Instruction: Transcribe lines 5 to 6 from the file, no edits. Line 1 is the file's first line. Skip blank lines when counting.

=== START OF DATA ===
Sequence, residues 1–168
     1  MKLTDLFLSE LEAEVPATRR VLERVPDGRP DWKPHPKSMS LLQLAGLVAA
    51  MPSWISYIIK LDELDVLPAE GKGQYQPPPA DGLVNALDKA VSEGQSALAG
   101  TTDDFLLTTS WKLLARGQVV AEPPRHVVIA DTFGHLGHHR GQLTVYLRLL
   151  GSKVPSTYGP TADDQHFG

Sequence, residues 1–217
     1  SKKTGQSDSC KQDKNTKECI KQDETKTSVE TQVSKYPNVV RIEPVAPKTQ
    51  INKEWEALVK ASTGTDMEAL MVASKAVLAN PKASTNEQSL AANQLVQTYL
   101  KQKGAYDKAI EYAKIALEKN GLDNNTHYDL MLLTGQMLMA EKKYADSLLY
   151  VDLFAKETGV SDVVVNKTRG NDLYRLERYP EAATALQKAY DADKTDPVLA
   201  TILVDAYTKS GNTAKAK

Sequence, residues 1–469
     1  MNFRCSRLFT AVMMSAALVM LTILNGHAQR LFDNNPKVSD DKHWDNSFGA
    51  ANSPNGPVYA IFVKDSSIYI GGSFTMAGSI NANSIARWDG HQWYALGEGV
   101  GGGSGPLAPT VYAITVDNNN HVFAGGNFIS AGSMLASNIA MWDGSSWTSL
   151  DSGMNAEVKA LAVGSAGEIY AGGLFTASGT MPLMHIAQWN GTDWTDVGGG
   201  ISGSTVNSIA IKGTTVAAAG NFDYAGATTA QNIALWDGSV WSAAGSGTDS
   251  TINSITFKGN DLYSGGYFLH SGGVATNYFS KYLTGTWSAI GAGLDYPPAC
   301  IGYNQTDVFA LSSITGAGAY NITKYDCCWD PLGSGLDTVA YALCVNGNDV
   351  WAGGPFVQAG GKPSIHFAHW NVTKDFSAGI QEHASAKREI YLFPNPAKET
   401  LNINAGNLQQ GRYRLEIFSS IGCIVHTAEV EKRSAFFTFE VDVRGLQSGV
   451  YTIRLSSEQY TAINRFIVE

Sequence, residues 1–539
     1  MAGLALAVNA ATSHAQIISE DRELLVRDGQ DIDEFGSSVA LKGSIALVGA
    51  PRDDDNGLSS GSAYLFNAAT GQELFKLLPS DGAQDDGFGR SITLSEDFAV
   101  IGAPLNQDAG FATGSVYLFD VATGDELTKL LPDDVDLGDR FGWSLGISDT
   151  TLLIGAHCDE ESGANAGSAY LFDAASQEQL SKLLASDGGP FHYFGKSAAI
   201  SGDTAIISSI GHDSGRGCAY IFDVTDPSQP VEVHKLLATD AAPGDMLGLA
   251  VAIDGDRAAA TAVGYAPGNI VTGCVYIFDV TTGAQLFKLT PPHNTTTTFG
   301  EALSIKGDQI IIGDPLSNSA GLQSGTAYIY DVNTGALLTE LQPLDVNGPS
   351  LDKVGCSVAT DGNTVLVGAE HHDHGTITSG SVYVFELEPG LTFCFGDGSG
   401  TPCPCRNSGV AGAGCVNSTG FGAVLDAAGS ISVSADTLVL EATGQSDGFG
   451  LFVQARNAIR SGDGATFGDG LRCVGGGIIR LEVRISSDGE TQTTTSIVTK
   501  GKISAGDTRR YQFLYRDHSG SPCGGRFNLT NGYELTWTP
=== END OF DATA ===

   151  GSKVPSTYGP TADDQHFG

Sequence, residues 1–217